Re: [#259] Handling invalid Content-Dispostion headers

Maciej Stachowiak wrote:
> For a long time, browser implementors have not been a significant
> part of the conversation for standards like HTTP. Perhaps as a result
> of this, HTTP underserves the needs of Web browsers in some ways.
> Now, browsers are not the only HTTP clients in the world, but they
> are fairly important ones - a whole lot of people in the world run
> HTTP servers with the primary goal of delivering content to users
> browsing the Web with a Web browser. It's not the only use case, but
> it's one important use case, and it often has specialized
> requirements. To have a good standard, it's important to have a wide
> range of the important stakeholders at the table.

Nevertheless, browser vendors have managed to generate significant ill
will in the developer community by ignoring process and consensus.  In
the case of microdata, refusing to even reveal who the stakeholders
*are*, and ignoring the request of the TAG to remove that document in
favor of the consensus reached around RDFa, is just the sort of thing
which might result in my questioning the motives of browser vendors'
participation in this process.  Desirable as that participation may be
in the general sense, my posts reflect a suspicion that there is no
intent to respect established consensus on the scope of HTTP.  I'll
tone it down, as I've been warned, but my suspicion remains and IMHO,
is justified.

> Now, at least a few browser implementors are trying to join the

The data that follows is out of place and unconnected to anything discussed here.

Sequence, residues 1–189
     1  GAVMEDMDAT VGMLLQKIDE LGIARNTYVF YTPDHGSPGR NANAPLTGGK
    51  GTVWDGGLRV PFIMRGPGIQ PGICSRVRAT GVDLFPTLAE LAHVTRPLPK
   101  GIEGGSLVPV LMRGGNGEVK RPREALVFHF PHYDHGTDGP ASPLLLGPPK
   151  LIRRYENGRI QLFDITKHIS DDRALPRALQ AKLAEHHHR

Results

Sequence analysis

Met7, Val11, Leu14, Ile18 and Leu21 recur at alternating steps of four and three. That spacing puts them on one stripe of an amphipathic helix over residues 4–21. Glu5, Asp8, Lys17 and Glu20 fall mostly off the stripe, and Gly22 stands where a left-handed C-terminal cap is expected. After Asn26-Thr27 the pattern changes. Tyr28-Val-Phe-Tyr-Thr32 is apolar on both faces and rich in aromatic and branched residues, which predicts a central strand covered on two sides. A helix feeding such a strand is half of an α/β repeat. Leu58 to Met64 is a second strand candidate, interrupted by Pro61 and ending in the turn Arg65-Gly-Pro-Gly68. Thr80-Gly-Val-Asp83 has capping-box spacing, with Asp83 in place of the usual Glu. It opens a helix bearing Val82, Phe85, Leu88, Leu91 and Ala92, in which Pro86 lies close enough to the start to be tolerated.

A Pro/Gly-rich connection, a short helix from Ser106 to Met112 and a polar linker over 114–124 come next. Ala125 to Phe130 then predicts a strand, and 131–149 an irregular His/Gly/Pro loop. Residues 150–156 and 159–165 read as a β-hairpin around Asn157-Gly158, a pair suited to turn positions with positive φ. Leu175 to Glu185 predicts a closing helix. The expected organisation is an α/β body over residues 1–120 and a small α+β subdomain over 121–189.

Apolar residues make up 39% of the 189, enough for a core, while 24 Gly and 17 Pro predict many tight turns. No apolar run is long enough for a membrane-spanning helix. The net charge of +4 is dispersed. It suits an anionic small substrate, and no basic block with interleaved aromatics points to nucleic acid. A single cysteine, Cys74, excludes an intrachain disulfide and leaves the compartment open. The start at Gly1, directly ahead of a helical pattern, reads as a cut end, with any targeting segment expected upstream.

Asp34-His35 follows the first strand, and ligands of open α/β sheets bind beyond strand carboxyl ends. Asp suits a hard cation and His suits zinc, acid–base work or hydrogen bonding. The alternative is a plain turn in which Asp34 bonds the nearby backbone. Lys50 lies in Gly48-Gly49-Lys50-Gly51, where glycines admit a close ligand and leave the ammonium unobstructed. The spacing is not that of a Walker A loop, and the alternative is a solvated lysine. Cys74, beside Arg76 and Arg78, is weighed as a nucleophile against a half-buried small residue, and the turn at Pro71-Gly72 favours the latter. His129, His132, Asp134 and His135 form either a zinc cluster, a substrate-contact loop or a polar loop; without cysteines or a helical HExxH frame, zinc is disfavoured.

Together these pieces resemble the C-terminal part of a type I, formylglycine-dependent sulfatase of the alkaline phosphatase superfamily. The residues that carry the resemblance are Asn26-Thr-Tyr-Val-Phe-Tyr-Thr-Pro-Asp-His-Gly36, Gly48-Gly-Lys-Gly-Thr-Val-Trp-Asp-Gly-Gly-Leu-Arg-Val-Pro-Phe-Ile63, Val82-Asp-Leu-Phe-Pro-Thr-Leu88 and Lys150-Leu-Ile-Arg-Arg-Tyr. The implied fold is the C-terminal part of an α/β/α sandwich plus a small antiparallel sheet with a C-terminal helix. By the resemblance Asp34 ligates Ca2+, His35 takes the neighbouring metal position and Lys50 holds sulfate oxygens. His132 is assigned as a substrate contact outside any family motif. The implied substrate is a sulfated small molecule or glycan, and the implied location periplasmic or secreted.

> conversation and express our requirements. The topic of this
> particular thread is a fairly trivial request - an optional
> specification for error recovery when parsing the Content-Disposition
> header. Browser implementors like to agree on error recovery, because
> we find that in general it makes things better for our users. It
> seems like experimenting with this approach using an *optional* spec
> for *one* header field is a low-stakes experiment that won't hurt
> anyone who doesn't care to participate.

That is one opinion.  My opinion is that this is not a trivial request,
it's a request for fundamental change.  My reasoning is that there's an
architectural concern which precludes HTTP from standardizing error
recovery, and that this request is best handled as part of an optional
extension to HTTP -- a set of best practices which is free to be
updated _independently_ of the protocol specification, as such
practices will most likely change more frequently than should the
underlying protocol.  I'm more than willing for browser vendors to
engage on this technical issue which I find important, but no
explanation as to why HTTP must be extended to account for error
correction has been forthcoming, to justify even experimenting with it.

> Please consider the consequences of your attitude. We are all much
> better off if browser vendors can participate effectively in this
> group.

Please consider the consequences of others' attitudes.  We're better
off working together to standardize an open platform.  Browser vendors
are demanding a one-way street, from where I sit as mostly a keenly-
interested observer.  Time and again, I've watched the input from this
group to the HTML WG be cavalierly dismissed, not to mention the input
from the TAG, or professionals like Dr. Kay.  This makes me sensitive
to things like Julian's draft being called "useless" when it's just
like any of the specs I read to teach myself HTTP -- specs which Julian
played a large role in authoring, and which have resulted in my being
able to create working, interoperable code.  Including from this latest
C-D draft, as both sender and receiver.

> And consider giving a little extra leeway to some people who are
> important stakeholders, but often feel unwelcome in this group.

Those stakeholders need to recognize the importance of others, right
down to lowly developers like myself who aren't standards wonks.  My
participation in this group only recently began, and my own welcome is
up in the air, so I'd appreciate if my concerns weren't ignored by
those they're directed at -- more like a request for common courtesy,
than leeway.


Received on Saturday, 6 November 2010 08:51:50 UTC